A delegation of representatives from Norway’s largest trade union for teachers – Utdanningsforbundet – the Union of Education, visited Derry on Wednesday.
The 17-strong delegation had a packed itinerary for their visit, and were hosted by local INTO member and DTUC delegate Daisy Mules.
Speaking about their visit, a spokesperson for the delegation said: “Union of Education Norway has a significant international profile both in international solidarity work and work in or in relation to international organisations.
“Much of our international work is channelled through or connected to work in Education International (EI) where INTO are also members.
“Norway is of course the home of the Nobel Peace Prize which has been awarded several times to Irish contributors - in 1974, 1976 and 1998.
“Norwegians have a natural affinity with the Irish people and there are links as far back as Viking times.
“We are of course aware that it is the 50th anniversary of the civil rights campaign and the 20th anniversary of the Good Friday Agreement something that makes the visit all the more appropriate.”
The spokesperson added that the visit was a fact finding mission to compare and contrast the respective education systems as well as the role of trade unionists within the educational sphere and society in general.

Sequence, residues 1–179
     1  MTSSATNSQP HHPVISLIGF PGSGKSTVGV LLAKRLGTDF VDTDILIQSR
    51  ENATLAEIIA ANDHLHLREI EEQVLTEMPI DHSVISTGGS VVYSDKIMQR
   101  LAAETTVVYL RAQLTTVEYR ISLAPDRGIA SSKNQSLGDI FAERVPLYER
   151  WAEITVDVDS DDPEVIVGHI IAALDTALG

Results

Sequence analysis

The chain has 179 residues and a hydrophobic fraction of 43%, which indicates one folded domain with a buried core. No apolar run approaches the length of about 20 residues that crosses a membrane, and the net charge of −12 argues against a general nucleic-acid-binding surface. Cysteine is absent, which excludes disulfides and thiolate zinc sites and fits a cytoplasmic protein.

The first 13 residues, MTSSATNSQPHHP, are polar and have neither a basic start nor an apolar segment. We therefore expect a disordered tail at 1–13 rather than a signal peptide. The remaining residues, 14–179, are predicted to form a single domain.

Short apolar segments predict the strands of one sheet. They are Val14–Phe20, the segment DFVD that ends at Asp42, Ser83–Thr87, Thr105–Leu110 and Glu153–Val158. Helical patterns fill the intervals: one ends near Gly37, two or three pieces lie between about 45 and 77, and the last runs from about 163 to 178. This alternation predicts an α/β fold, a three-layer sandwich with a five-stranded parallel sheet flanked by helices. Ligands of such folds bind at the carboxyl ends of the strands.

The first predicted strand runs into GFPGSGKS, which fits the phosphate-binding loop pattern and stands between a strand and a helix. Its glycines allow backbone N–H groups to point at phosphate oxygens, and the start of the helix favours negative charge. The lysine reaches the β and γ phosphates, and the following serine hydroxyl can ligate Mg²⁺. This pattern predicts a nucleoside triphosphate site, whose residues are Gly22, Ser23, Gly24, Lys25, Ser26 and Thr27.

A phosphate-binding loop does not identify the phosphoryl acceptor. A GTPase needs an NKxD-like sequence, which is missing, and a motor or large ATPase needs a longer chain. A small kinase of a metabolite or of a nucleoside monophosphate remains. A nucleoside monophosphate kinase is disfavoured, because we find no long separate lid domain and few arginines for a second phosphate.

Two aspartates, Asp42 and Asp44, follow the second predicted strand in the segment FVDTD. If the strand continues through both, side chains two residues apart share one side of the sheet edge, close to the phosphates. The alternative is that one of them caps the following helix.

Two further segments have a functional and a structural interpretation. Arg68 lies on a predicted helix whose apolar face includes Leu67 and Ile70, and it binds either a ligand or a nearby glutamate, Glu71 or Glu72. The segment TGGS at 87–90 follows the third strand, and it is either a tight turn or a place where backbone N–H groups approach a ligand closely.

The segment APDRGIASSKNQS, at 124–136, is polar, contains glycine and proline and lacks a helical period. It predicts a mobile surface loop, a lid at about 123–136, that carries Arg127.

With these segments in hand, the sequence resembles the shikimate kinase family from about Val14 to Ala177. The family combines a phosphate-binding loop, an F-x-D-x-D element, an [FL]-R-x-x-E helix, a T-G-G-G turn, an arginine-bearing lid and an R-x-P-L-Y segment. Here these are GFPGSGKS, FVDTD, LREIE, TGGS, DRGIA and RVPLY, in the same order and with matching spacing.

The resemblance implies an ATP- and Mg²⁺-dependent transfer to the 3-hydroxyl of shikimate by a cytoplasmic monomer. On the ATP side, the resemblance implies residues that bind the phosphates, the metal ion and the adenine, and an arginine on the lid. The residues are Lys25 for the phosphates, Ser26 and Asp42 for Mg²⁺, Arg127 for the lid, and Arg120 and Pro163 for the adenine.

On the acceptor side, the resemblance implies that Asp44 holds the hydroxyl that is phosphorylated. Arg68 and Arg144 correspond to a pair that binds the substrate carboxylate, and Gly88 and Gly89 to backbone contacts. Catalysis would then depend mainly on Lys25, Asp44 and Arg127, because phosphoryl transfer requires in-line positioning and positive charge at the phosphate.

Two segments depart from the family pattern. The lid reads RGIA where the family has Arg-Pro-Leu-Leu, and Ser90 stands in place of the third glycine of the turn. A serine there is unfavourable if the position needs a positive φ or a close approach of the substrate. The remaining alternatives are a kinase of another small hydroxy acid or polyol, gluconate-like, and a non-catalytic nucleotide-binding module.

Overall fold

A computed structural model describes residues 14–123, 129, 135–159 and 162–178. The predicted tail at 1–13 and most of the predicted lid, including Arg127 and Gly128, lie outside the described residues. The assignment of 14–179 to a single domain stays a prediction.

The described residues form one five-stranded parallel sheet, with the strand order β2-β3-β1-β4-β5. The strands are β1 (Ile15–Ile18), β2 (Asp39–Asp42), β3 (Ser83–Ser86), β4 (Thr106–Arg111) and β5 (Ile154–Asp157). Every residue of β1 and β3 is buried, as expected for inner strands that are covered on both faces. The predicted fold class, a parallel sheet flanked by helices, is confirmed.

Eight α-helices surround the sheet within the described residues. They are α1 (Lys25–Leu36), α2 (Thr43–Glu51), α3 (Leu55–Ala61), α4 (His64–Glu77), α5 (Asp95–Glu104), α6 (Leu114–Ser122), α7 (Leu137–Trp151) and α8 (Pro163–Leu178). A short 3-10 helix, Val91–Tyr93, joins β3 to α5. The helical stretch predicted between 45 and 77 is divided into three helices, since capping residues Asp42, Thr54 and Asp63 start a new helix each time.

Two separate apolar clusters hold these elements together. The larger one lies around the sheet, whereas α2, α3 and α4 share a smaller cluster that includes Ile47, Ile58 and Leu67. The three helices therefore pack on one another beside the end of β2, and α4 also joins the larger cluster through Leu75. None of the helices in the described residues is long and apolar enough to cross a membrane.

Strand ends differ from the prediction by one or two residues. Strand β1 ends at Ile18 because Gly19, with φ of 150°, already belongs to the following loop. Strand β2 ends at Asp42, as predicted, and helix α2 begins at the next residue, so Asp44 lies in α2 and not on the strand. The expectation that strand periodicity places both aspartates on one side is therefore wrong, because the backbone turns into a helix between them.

“Union of Education Norway aims to influence social development through contributing to our own national political debate and working for the development of a society characterized by tolerance and respect for differences and diversity.
“We see the education sector as of the utmost importance in developing democracy and encouraging tolerance in a culturally complex society.
“The meetings on Wednesday were facilitated by the Irish National Teachers Organisation who have lined up a number of school visits for us.
“The educational system in the North is very different from Norway where more or less everyone – regardless of the size of their wallets - attends state schools and the educational curriculum is based on inclusiveness and communality.
“We are looking forward to hearing more about maintained, controlled and integrated schools which do not exist where we are,” added the spokesperson.
The delegation visited both Derry and Belfast, but noted that they were “particularly delighted” to visit Derry, on the 50th anniversary of the civil rights campaign.
During their visit the delegation had a reception with Mayor of Derry and Strabane District Council Reception with the Mayor Maolíosa McHugh, before meeting Elisha McCallion, MP and Raymond McCartney MLA.
The group were then taken on a visit to the Museum of Free Derry, before taking a comprehensive tour of the Derry murals.
They were treated to lunch at Culturlánn, before visiting Oakgrove Integrated College later in the afternoon.